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Divided DC Court of Appeals’ Decision partial victory against Obama Mandate

by | Nov 1, 2013

By Dave Andrusko

dccourthousefrontAlthough it included much to cheer, the decision today by a divided panel of the U.S. Court of Appeals for the District of Columbia still leaves the ObamaCare mandate requiring employers to purchase health insurance for their employees that includes coverage for items and procedures they object remains a burden on religious freedom.

The 2-1 decision ruled in favor of Francis and Philip Gilardi, owners of Freshway Foods of Sidney, Ohio. The court held that the mandate “places a substantial burden on the religious beliefs of business owners whose religious beliefs forbid them to pay for those services,” according to The American Center for Law and Justice (ACLJ).

“The Court, however, declined to accept the Gilardis’ argument that their companies themselves – Freshway Foods and Fresh Unlimited – are entitled to bring their own religious liberty claims essentially on the ground that the U.S. Supreme Court has not yet addressed what the Court of Appeals called a question with ‘far-reaching’ implications,” the ACLJ explained in a press release.

“While we are obviously pleased with the Court’s recognition that the HHS Mandate burdens the Gilardis’ right to religious freedom as secured by the Religious Freedom Restoration Act, we are disappointed that the Court failed to protect the rights of the companies involved,” said Francis J. Manion, Senior Counsel of the ACLJ who argued the case at the D.C. Court of Appeals. “While this is a victory for the individual plaintiffs, the appeals court rejected a critical argument that the rights of the companies be protected as well.”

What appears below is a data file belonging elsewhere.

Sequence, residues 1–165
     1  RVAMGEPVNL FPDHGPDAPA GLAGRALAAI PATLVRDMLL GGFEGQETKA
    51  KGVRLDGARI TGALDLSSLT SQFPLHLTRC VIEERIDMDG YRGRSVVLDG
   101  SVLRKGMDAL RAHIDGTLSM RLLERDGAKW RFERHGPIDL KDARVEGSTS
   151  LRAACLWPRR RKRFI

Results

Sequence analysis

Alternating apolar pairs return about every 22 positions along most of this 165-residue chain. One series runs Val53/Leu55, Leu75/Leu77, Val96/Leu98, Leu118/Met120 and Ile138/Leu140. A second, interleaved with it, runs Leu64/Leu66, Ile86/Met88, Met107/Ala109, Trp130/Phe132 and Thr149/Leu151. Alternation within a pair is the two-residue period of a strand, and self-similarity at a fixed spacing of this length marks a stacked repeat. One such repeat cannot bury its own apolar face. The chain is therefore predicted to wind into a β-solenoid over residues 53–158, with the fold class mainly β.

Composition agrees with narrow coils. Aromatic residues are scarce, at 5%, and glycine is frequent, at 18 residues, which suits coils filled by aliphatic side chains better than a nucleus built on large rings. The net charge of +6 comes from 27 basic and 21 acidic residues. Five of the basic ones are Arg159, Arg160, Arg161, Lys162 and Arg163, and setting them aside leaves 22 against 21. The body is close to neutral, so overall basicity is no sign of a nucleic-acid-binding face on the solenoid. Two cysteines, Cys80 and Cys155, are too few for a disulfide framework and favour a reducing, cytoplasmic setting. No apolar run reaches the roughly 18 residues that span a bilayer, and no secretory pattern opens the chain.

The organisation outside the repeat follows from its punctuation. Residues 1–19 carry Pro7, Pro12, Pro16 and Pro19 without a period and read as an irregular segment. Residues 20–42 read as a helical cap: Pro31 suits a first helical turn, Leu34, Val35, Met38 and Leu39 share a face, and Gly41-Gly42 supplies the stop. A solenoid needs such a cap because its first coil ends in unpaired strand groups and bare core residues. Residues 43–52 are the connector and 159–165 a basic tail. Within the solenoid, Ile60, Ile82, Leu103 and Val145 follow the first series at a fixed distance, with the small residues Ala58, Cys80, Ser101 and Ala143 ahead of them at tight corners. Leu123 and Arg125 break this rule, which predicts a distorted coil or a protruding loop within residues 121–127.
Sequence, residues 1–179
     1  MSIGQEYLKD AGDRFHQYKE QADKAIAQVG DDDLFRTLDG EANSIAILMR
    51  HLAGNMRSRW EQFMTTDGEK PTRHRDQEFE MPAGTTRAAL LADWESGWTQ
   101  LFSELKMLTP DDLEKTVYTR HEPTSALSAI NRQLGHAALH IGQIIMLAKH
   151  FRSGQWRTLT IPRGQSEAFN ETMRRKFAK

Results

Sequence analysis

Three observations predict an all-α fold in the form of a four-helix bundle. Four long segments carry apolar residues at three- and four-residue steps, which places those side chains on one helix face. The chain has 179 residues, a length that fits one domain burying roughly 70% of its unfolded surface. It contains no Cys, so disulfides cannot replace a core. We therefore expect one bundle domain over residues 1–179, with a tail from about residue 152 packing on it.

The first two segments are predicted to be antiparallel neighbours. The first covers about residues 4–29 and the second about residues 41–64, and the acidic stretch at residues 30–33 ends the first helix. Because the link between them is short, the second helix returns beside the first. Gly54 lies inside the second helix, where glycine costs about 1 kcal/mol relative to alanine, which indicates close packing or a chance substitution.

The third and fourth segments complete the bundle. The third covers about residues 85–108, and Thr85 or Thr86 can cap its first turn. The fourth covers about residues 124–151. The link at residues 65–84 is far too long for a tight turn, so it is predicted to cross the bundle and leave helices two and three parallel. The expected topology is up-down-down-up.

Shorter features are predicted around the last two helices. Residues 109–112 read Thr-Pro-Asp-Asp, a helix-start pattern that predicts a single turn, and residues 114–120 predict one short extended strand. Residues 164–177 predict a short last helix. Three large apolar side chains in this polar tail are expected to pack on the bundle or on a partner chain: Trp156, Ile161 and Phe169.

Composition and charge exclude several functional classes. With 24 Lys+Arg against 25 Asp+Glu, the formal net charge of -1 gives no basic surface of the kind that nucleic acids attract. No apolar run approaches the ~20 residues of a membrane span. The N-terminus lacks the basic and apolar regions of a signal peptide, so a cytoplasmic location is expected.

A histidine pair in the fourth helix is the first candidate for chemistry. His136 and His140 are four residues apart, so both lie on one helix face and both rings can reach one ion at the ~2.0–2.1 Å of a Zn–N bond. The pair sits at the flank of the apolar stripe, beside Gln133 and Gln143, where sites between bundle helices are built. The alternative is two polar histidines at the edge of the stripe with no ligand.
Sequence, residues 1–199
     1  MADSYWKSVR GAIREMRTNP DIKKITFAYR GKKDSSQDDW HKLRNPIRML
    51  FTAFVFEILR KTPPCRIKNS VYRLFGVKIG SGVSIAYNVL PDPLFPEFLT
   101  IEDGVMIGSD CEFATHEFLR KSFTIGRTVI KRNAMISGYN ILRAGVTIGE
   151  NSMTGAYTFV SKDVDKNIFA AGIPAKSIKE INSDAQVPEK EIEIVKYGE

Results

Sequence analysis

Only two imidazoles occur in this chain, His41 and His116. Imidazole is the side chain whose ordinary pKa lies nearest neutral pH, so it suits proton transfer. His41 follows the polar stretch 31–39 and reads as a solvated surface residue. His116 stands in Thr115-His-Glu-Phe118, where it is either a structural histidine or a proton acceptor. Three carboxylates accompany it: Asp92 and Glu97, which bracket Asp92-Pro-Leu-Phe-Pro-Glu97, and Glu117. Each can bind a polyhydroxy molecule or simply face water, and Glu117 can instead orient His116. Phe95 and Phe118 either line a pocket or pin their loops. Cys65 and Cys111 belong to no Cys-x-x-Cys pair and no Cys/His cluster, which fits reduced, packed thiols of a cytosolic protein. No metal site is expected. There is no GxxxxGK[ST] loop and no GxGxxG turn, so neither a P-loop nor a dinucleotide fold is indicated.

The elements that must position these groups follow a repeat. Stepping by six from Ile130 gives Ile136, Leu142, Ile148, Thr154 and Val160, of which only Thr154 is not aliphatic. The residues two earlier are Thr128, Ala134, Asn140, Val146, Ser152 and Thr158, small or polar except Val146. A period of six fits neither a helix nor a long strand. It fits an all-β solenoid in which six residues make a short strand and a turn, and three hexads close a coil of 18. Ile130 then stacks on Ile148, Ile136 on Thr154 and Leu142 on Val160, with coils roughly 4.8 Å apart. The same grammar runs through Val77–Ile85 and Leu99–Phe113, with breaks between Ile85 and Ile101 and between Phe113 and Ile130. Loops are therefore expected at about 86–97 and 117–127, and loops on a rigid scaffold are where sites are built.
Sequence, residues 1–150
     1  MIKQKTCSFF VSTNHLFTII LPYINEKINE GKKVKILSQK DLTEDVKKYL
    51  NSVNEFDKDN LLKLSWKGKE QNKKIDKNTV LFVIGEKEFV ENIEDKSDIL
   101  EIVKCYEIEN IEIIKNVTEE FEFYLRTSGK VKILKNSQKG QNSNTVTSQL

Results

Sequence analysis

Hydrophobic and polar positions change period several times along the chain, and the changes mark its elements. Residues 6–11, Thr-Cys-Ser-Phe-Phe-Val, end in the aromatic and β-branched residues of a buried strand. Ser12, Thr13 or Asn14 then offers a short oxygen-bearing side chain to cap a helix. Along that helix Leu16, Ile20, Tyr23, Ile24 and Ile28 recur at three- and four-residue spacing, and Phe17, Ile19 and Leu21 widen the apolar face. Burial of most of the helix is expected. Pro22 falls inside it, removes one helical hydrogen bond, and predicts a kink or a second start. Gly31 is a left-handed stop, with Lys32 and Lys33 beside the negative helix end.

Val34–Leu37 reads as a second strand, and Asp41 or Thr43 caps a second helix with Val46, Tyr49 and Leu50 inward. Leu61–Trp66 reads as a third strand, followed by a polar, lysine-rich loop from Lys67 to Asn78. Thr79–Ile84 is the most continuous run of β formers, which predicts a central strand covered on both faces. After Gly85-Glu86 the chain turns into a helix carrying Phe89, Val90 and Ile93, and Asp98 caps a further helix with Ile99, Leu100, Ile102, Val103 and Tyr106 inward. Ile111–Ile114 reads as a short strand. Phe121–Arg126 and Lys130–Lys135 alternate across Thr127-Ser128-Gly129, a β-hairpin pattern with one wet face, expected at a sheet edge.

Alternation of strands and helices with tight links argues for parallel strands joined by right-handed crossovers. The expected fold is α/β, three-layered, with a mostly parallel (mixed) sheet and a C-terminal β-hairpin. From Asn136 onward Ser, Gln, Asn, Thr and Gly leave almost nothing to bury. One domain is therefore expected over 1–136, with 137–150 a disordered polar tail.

The ACLJ says it plans to file a Petition for Writ of Certiorari with the U.S. Supreme Court next week asking the high court to take the case.

Writing at National Review Online, Ed Whelan noted that Judge Janice Rogers Brown ruled

“the Gilardis themselves have been injured by the HHS mandate in a way that is separate and distinct from the injury to their companies. The HHS mandate burdens their exercise of religion by pressuring them to approve and endorse the inclusion of objectionable coverage in their companies’ health plans. ‘They can either abide by the sacred tenets of their faith, pay a penalty of over $14 million, and cripple the companies they have spent a lifetime building, or they become complicit in a grave moral wrong.’”

ACLJ’s Francis J. Manion was interviewed today by National Review Online’s Kathryn Jean Lopez who asked Manion why should people of any and no religion care” about the Health and Human Services (HSS) mandate?

MANION: The HHS mandate is unprecedented in the scope of its intrusion into citizens’ religious liberty. Ever since Roe, et al. Congress has essentially followed a ‘live and let live’ approach to issues of forcing people to pay for other people’s reproductive health-decisions. Conscience rights have been, for the most part, respected by parties on opposite sides of the underlying moral issues. The HHS mandate is a dangerous repudiation of that approach.”

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Categories: ObamaCare
Tags: ObamaCare